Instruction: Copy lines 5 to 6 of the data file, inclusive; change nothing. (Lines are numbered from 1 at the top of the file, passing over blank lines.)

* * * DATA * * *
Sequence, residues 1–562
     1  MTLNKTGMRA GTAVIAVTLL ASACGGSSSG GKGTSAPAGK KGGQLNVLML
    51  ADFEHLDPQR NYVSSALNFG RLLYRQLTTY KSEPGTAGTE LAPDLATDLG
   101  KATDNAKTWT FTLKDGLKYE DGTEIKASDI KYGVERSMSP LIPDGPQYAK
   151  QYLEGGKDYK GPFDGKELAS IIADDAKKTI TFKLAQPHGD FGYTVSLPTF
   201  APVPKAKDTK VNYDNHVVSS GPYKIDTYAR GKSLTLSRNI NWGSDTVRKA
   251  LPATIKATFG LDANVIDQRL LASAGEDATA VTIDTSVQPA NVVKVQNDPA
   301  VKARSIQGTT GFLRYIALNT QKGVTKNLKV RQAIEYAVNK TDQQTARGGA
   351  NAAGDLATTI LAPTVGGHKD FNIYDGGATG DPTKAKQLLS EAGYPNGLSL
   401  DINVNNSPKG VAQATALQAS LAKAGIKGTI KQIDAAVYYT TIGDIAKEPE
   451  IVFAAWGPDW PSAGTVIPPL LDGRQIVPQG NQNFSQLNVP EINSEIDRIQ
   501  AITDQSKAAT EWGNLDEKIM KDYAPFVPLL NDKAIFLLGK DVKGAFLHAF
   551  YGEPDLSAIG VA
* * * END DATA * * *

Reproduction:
   151  QYLEGGKDYK GPFDGKELAS IIADDAKKTI TFKLAQPHGD FGYTVSLPTF
   201  APVPKAKDTK VNYDNHVVSS GPYKIDTYAR GKSLTLSRNI NWGSDTVRKA